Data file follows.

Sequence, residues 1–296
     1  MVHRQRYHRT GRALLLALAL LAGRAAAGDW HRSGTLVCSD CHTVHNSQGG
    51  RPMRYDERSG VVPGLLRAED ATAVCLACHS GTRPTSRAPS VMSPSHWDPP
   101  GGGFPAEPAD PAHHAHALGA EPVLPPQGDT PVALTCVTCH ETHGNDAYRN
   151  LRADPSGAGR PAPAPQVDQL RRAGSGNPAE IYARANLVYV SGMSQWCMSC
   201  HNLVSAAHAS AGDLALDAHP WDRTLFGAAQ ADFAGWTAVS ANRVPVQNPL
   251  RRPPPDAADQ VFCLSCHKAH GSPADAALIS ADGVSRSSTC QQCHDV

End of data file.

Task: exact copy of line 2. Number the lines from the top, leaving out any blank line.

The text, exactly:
     1  MVHRQRYHRT GRALLLALAL LAGRAAAGDW HRSGTLVCSD CHTVHNSQGG